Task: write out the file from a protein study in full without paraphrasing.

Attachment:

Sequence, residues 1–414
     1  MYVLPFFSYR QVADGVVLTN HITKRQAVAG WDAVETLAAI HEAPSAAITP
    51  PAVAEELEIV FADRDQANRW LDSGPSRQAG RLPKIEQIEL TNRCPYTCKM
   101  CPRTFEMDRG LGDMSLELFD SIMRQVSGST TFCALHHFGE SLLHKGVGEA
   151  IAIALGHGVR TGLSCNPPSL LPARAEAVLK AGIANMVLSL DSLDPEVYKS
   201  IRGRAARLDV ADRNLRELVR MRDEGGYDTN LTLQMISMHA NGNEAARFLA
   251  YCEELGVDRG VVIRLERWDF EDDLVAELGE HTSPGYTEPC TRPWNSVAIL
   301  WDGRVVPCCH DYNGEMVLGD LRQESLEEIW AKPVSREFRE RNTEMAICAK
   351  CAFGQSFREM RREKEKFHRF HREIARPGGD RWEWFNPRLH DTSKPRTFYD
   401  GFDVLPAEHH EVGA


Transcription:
Sequence, residues 1–414
     1  MYVLPFFSYR QVADGVVLTN HITKRQAVAG WDAVETLAAI HEAPSAAITP
    51  PAVAEELEIV FADRDQANRW LDSGPSRQAG RLPKIEQIEL TNRCPYTCKM
   101  CPRTFEMDRG LGDMSLELFD SIMRQVSGST TFCALHHFGE SLLHKGVGEA
   151  IAIALGHGVR TGLSCNPPSL LPARAEAVLK AGIANMVLSL DSLDPEVYKS
   201  IRGRAARLDV ADRNLRELVR MRDEGGYDTN LTLQMISMHA NGNEAARFLA
   251  YCEELGVDRG VVIRLERWDF EDDLVAELGE HTSPGYTEPC TRPWNSVAIL
   301  WDGRVVPCCH DYNGEMVLGD LRQESLEEIW AKPVSREFRE RNTEMAICAK
   351  CAFGQSFREM RREKEKFHRF HREIARPGGD RWEWFNPRLH DTSKPRTFYD
   401  GFDVLPAEHH EVGA